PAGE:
Stock markets become overvalued when stock prices rise at a much faster rate than earnings, which is what has occurred for the past several years:
The market’s ultra-low dividend yield is even more proof that stocks have been in a longer-term “Bubble Era” since the late-1990s that never truly ended. The current low interest rate environment helps to suppress dividend yields by forcing investors out of once high-yielding investments (such as bonds) and into dividend-paying stocks, thereby inflating their values.
Most mainstream analysts believe that dividend yields have plunged since the 1990s primarily because of companies’ greater preference for reinvesting earnings instead of paying dividends, which is partly true, but it doesn’t fully explain why dividend yields are so low, especially when so many valuation measures show that the stock market is very inflated.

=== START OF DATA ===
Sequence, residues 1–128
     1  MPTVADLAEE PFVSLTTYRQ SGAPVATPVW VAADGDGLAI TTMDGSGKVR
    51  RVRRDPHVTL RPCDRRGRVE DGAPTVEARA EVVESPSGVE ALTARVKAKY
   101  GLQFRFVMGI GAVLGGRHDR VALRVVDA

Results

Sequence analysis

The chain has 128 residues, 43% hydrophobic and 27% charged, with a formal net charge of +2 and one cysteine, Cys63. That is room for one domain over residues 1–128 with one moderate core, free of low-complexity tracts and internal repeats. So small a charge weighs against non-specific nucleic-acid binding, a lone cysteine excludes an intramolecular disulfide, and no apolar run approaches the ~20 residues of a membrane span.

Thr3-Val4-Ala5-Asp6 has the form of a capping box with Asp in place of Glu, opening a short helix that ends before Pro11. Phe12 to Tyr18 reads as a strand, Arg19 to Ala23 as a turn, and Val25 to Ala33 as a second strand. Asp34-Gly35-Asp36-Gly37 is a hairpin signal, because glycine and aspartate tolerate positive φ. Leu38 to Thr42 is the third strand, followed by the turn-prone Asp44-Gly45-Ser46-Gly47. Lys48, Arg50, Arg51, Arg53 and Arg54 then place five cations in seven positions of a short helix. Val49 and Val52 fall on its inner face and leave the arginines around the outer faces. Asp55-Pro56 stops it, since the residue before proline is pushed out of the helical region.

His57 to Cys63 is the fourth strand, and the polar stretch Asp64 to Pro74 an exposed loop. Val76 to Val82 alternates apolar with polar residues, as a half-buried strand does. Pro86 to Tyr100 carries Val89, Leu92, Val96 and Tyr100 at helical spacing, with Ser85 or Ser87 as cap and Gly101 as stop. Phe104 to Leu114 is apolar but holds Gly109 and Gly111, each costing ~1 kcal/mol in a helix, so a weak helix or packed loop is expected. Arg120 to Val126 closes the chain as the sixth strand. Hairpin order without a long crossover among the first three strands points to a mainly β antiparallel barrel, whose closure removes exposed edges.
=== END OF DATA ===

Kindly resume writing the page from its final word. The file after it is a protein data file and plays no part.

An indicator called the Financial Stress Index shows that investors are becoming downright euphoric and complacent just like they did during last decade’s bubble. Read my recent article to learn more about the record low Financial Stress Index reading and its bearish implications.
Like the Financial Stress Index, an indicator called the Volatility Index or VIX shows that stock market investors have become euphoric and complacent like they did from 2004 to 2007:
At this point, it should be clear that the U.S. stock market is experiencing another bubble that will end in a severe crisis. Please ignore the voices in your mind that may be tempting you to believe that “this time is different” or that “we’ve learned our lesson in 2008, so it can’t happen again.” If it looks like a duck, swims like a duck, and quacks like a duck, then it probably is a duck.